The conventional wisdom of galaxies is that they should have a central massive black hole (CMBH). The presence of such objects has been confirmed in our own galaxy as well as numerous other galaxies, including the Andromeda galaxy (M31) and even some dwarf galaxies. The mass of these objects, several million times the mass of the Sun, has been found to be related to many properties of galaxies as a whole, indicating that their presence may be critical in the formation and evolution of galaxies as a whole. As such, finding a massive galaxy without a central black hole would be quite surprising. Yet a recent study by astronomers from the University of Michigan Ann Arbor seems to have found an exception: The well known M85.
To determine the mass of the CMBH, the team used the spectrograph on board the Hubble Space Telescope to examine the pull the central object had on stars in the nearby vicinity. The higher this mass is, the more quickly the stars should orbit. This orbital velocity is detected as a shift in the color of the light, blue as the stars move towards us, red as they move away. The amount the light is shifted is dependent on just how fast they move.
This technique has been used previously in other galaxies, including another large elliptical of similar brightness in the Messier catalog, M84. This galaxy had its CMBH probed by Hubble in 1997 and was determined to have a mass of 300 million solar masses.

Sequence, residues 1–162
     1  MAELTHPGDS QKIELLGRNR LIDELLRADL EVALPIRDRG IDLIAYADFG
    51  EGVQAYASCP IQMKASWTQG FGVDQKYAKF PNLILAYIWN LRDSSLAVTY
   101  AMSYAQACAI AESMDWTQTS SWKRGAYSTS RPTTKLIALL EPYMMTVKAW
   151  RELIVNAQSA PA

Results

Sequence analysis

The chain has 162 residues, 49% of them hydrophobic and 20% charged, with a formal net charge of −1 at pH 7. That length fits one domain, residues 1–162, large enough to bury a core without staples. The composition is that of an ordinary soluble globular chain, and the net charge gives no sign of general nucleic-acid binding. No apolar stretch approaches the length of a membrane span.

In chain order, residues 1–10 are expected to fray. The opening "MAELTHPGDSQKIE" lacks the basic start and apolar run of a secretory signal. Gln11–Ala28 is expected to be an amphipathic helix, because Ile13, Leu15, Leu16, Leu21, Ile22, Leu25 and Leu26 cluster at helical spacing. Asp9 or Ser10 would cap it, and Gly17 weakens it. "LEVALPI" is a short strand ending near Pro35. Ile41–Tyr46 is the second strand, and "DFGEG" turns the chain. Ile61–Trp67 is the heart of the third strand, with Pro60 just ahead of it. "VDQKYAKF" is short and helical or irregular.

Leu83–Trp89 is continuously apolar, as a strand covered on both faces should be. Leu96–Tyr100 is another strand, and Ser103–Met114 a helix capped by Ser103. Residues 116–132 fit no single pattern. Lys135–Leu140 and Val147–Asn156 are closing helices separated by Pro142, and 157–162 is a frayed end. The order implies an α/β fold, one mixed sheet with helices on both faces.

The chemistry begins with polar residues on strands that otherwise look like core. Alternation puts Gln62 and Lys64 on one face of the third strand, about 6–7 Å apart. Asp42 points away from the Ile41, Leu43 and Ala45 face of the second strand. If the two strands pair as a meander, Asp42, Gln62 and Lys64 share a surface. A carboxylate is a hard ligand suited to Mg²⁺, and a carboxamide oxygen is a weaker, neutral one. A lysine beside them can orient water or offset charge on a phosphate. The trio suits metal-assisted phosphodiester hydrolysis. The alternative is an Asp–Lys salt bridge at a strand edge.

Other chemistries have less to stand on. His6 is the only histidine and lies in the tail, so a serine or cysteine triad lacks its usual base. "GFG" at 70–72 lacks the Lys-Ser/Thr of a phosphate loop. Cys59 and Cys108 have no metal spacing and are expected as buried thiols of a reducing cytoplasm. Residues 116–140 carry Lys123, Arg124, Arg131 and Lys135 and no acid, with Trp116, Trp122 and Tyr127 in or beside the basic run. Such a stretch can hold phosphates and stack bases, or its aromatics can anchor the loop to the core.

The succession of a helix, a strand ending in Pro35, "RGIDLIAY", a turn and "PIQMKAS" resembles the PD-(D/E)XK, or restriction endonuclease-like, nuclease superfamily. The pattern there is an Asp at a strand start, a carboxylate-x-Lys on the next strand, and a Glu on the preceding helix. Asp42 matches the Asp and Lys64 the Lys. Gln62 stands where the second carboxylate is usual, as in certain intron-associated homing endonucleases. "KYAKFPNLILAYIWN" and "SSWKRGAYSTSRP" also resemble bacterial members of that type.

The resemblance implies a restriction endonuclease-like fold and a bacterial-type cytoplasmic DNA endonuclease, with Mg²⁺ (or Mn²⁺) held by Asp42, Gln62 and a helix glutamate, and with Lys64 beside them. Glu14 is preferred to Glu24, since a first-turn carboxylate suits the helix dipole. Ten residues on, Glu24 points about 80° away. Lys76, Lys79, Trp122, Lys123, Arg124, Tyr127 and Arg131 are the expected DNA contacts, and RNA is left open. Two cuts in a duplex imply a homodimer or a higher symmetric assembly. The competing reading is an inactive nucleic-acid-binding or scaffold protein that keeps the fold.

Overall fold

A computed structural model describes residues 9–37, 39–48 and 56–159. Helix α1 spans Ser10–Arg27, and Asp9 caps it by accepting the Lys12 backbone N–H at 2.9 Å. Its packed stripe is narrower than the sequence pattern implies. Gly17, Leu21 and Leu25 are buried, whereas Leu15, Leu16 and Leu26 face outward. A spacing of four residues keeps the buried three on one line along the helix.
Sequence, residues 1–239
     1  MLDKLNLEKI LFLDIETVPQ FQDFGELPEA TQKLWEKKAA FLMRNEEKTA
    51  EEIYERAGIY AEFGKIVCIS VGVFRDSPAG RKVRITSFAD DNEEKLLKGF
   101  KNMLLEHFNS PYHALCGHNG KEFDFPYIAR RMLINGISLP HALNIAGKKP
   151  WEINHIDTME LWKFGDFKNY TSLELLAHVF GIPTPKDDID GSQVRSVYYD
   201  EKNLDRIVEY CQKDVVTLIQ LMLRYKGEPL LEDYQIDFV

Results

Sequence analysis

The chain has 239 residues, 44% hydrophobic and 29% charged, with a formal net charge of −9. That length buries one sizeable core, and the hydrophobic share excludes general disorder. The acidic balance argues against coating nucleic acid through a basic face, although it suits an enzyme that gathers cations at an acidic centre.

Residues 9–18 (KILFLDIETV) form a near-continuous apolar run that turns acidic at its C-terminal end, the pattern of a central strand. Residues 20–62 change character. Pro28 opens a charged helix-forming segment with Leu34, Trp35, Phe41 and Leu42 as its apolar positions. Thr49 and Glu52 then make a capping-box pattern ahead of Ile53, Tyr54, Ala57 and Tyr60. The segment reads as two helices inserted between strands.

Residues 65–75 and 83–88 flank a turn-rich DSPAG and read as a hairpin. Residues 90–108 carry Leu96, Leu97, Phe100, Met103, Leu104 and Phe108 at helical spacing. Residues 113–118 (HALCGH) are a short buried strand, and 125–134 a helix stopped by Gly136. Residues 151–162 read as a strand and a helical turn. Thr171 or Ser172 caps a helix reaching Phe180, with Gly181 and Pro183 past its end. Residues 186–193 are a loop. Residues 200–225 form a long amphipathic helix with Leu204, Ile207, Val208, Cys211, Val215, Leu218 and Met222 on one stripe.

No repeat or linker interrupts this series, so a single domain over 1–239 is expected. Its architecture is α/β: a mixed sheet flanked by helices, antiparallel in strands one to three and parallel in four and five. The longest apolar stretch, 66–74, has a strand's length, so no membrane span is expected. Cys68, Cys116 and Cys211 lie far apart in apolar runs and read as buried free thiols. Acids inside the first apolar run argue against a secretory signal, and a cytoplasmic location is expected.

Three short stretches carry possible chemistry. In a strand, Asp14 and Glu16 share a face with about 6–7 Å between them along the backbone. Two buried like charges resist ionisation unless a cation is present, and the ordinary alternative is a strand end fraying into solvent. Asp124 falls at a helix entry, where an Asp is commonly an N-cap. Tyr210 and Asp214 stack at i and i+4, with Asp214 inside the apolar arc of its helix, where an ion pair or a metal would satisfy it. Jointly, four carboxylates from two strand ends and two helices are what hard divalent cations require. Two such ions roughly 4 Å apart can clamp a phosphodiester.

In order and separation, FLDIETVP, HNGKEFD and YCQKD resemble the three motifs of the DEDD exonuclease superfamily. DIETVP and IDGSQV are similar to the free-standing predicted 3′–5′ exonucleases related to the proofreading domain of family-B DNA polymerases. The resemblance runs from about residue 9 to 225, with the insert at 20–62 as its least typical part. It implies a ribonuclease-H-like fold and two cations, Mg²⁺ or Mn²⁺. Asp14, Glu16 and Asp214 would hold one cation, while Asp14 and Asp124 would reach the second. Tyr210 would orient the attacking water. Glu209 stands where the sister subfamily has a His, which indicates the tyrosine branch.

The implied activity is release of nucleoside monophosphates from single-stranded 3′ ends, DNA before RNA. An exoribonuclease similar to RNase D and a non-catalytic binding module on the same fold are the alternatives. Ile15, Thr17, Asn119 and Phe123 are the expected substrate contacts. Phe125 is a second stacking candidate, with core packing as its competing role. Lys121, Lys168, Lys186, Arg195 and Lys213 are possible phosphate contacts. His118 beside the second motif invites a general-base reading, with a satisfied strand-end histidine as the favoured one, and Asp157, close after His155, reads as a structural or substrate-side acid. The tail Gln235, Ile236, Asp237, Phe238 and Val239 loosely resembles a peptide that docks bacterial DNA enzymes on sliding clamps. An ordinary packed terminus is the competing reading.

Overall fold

When this method was applied to M85 the team did not discover a shift that would be indicative of a black hole with a mass expected for a galaxy of such size. Using another, indirect method of determining the CMBH mass by looking at the the amount of overall light from the galaxy, which is generally correlated with black hole mass, would indicate that M85 should contain a black hole of 300 million to 2 billion solar masses. Yet this study indicates that, if M85 contains a central black hole at all, the upper limit for the black hole would be around 65 million solar masses.
This study is not the first to report a non-detection for the galaxy, a 2009 study led by Alessandro Capetti from Osservatorio Astronoimco di Torino in Italy, searched M85 for signs of radio emission from the black hole region. Their study was unable to detect any significant radio waves from the core which, if M85 had a significant black hole, should be present, even with a small amount of gas feeding into the core.
Overall, these studies demonstrate a significant shortcoming in secondary methods of black hole mass estimation. Such indirect methods have been previously used with confidence and have even been the basis for studies drawing the connection between galaxy evolution and black hole mass. If cases like M85 are more common that previously thought, it may prompt astronomers to rethink just how connected black holes and a galaxies properties really are.